State, local agencies target south side crime
All of the agencies involved are pooling their resources.
By TIM YOVICH
VINDICATOR TRUMBULL STAFF
WARREN - The Ohio Adult Parole Authority has started a collaborative effort with law enforcement agencies to reduce crime on the city's south side.
Since 2005, the parole authority has been working out of offices at the Highland Terrace Apartments in that part of the city. It receives the space rent free from the Trumbull Metropolitan Housing Authority.
Jeffrey K. Ervin, parole services supervisor, is in charge of four parole officers who are assigned to Trumbull County. Two work in Warren supervising 180 offenders, with the other two covering the remainder of the county with between 120 and 130 offenders.
During an open house at the authority offices Wednesday, Ervin said that several law enforcement agencies recently joined the authority's effort. They include TMHA security, Warren City and Warren Township police, Trumbull County Sheriff's Department, U.S. Marshal Service and Trumbull County Probation Department.
The law enforcement officers will arrest those who have violated parole or probation -- or have outstanding arrest warrants for new criminal activity.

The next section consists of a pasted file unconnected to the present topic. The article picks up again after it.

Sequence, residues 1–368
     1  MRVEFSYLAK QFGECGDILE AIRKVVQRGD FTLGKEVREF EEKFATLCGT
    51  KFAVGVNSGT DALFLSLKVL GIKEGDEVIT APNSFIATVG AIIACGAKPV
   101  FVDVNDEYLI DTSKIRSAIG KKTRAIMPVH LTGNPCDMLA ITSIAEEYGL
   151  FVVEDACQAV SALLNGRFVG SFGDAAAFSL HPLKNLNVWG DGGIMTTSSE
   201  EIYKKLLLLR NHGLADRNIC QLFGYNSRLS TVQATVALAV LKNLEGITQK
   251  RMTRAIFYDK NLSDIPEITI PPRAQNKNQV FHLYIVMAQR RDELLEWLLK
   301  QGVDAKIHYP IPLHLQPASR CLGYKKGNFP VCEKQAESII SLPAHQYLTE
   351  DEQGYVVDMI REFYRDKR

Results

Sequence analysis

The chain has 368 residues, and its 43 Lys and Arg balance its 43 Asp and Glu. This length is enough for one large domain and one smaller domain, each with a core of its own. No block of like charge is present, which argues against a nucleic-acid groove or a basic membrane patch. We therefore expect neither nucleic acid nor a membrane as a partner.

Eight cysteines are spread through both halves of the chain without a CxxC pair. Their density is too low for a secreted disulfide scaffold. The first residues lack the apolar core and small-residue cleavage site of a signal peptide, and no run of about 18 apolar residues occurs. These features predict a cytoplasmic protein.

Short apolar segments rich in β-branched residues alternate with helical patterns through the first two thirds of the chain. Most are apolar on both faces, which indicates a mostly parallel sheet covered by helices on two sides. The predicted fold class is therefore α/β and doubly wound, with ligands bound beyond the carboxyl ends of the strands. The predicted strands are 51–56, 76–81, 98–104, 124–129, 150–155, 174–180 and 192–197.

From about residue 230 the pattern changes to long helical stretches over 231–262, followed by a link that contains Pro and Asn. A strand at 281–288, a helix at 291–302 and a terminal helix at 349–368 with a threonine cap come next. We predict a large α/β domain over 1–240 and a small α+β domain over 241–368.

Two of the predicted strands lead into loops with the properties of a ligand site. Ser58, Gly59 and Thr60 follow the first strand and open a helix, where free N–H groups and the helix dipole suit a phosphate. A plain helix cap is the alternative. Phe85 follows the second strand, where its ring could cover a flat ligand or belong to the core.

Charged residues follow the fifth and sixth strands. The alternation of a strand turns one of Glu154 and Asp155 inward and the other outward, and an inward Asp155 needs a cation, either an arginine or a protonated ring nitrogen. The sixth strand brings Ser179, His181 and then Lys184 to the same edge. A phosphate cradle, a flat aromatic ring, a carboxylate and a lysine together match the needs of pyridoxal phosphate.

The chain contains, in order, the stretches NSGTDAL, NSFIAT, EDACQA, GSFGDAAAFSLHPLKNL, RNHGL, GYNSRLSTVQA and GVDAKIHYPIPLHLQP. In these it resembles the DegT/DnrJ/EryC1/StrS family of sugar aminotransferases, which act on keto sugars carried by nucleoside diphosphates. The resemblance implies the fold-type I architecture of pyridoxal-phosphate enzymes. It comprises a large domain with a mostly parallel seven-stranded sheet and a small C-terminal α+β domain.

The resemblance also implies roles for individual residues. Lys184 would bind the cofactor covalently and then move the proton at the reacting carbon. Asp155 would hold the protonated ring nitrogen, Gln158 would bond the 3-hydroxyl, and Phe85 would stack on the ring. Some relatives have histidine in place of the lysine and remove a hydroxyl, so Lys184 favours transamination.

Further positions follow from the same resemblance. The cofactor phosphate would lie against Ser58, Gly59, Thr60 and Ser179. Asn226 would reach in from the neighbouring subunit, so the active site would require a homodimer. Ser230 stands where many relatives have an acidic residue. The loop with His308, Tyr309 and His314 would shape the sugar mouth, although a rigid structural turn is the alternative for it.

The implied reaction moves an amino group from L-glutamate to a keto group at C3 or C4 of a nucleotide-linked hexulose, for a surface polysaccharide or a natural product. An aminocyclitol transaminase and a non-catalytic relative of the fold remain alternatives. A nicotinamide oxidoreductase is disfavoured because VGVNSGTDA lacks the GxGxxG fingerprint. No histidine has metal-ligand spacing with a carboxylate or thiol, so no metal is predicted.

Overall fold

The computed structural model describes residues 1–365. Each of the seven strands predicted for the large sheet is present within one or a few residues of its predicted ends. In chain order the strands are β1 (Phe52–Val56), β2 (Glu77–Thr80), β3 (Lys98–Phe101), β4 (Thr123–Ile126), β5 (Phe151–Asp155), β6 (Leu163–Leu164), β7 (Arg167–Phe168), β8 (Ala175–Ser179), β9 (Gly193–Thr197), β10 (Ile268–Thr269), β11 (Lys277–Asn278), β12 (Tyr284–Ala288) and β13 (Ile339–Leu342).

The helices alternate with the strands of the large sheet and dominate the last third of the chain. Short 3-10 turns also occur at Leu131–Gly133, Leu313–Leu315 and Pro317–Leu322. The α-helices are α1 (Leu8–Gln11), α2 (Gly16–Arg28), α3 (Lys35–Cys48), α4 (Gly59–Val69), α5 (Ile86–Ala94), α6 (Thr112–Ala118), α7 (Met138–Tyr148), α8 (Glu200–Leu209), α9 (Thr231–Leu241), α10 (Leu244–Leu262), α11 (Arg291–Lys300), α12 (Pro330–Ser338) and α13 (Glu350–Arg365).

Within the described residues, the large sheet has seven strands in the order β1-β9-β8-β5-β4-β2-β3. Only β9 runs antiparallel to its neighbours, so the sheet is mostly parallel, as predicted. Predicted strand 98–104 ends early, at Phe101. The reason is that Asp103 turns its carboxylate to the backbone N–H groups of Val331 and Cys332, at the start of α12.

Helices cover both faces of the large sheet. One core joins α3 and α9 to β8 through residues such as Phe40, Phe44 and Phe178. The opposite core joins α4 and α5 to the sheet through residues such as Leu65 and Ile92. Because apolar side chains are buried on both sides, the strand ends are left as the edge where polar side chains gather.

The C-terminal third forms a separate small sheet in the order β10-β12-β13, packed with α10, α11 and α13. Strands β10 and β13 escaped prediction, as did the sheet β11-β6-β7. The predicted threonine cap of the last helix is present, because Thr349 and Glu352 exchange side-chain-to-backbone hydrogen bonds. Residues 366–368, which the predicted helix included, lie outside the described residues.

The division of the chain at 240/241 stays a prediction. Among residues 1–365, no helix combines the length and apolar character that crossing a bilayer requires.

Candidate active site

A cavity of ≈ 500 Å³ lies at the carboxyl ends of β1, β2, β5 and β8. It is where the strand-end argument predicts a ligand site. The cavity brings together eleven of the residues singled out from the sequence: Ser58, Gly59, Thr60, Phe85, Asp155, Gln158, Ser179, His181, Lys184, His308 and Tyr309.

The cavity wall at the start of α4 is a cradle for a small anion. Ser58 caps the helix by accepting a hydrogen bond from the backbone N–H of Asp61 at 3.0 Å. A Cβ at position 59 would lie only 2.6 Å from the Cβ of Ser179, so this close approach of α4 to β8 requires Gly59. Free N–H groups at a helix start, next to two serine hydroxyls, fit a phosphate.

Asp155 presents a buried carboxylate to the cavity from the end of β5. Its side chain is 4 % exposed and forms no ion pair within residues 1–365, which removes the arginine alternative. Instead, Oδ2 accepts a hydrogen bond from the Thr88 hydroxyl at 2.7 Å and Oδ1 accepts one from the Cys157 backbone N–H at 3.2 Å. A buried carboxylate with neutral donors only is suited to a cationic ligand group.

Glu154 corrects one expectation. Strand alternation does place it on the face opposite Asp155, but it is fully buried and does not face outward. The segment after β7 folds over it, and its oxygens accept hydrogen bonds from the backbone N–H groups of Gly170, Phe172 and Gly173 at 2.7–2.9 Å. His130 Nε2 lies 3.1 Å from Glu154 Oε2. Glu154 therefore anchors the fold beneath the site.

It's similar to the "Weed and Seed" project in Youngstown where the police there partnered with the authority to reduce crime on the South Side.
"It's been a successful strategy," said John Geras, the authority's Akron regional re-entry coordinator.
Youngstown's South Side was targeted for five years; the enforcement effort has been shifted to the North Side.
Warren didn't receive grant money to fund the program, but Ervin noted that the Warren effort isn't costing additional dollars because the agencies are pooling their resources.
Geras said the Weed and Seed program will work to combat neighborhood blight to provide a better atmosphere in which to live. Supervised offenders will receive substance abuse and sexual offender treatment, and care will be provided for those with mental health problems.
Parole officers will make their presence known by using large letters on their jackets to identify themselves, rather than dressing in a suit. Ervin explained the officers' presence will deter crime and make those who live in the area more comfortable.
Those on supervision will be assigned "citizens models," or volunteers who can provide them with advice about how to get a job and how to receive job-oriented training, besides day-to-day advice.
Geras said the authority will work with employers to instruct them about how they can get tax credits by hiring convicted felons.
"If they can't get their needs met legitimately, they will use illegal means to get their needs met," Geras said of the parolees and probationers.
Dave Ovesny, head of security for TMHA, said the TMHA is attempting to get housing for those on supervision so they can be with their families.